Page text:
Capstone or Cornerstone Marriage?

How do you view marriage? What does it mean to you? I’ve been thinking a lot lately about what marriage means to me. When you’ve been engaged for almost two years and haven’t started planning a wedding, you’re obviously going to do a little soul searching as to why you’re waiting and what it all means. To really wrap my head around it, I’ve tried to distance myself from the entire industrial marriage complex and the opinions of friends and family with the hopes of understanding the institution for myself.

I recently came across a fascinating distinction between two types of marriage, Capstone and Cornerstone, coined by a study put together by the National Marriage Project.

Here’s a loose definition:

Capstone marriage: Where marriage is seen as a kind of reward after you’ve accomplished a certain number of goals in your life, whether they are professional, personal, etc.

Cornerstone marriage: It’s where your marriage is your starting point, something from which you build a life.

To me, I’d have to say I view marriage more in the capstone way. It’s like an icing on the cake sort of deal. So, perhaps the reason I’ve delayed marriage is because I don’t feel like I’ve accomplished my career goals. But the scary thing is – considering how challenging my career choice is, I could be waiting FOREVER to get married if I’m waiting to be a professional success.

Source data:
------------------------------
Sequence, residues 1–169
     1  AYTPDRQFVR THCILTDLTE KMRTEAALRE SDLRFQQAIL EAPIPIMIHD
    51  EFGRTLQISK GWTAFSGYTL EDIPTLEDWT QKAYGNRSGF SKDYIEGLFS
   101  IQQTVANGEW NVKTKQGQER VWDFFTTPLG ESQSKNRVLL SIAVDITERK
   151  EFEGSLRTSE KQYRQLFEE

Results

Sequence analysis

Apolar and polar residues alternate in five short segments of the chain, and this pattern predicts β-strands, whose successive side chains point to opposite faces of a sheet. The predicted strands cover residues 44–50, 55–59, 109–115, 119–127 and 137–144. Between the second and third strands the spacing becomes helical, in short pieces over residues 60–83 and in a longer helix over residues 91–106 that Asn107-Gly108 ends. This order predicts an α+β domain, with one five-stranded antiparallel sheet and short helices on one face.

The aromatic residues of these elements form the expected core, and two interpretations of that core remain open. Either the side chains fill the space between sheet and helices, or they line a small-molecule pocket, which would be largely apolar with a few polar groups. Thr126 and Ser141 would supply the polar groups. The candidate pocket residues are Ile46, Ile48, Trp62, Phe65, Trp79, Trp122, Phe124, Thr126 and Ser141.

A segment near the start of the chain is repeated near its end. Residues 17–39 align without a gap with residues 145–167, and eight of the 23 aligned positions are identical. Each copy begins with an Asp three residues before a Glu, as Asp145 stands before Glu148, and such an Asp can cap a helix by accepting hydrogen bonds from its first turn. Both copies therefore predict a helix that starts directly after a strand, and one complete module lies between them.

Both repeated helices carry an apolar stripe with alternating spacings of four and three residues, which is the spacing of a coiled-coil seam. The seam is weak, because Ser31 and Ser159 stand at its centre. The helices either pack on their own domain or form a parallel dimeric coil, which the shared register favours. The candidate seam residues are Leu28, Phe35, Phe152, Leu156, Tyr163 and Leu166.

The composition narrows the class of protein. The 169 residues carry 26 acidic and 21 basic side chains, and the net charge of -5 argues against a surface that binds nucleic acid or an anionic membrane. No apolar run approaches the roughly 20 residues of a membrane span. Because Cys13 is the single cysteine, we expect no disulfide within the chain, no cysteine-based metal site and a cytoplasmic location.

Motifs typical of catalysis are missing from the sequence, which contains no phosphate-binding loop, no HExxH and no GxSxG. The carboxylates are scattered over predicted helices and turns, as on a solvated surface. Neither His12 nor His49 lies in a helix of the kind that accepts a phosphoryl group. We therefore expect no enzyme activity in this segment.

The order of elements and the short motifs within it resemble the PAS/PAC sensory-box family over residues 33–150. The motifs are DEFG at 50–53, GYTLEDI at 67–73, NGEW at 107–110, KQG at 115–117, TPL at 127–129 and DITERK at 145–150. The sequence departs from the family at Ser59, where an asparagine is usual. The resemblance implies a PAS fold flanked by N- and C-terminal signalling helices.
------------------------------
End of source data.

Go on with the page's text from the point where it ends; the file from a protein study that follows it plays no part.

When I initially read about these definitions, I assumed that capstone and cornerstone marriages are simply a matter of age: if you marry young, that’s probably a cornerstone marriage. And marrying older is probably a capstone marriage. But, since I may marry before I’m professionally successful, is that a cornerstone marriage?

Semantics aside: I have reached one conclusion. I do think it’s important to mark transitions. Even if it’s a very personal marker between you and your partner. Marking the beginning of a new, committed journey. And to back that up, there was a statistic on the National Marriage Project that those people who “slide” into life transitions – i.e., those who don’t consciously decide to mark a transition by an official wedding and simply start co-habitating together,  are less likely to enjoy happy marriages.

Food for thought.

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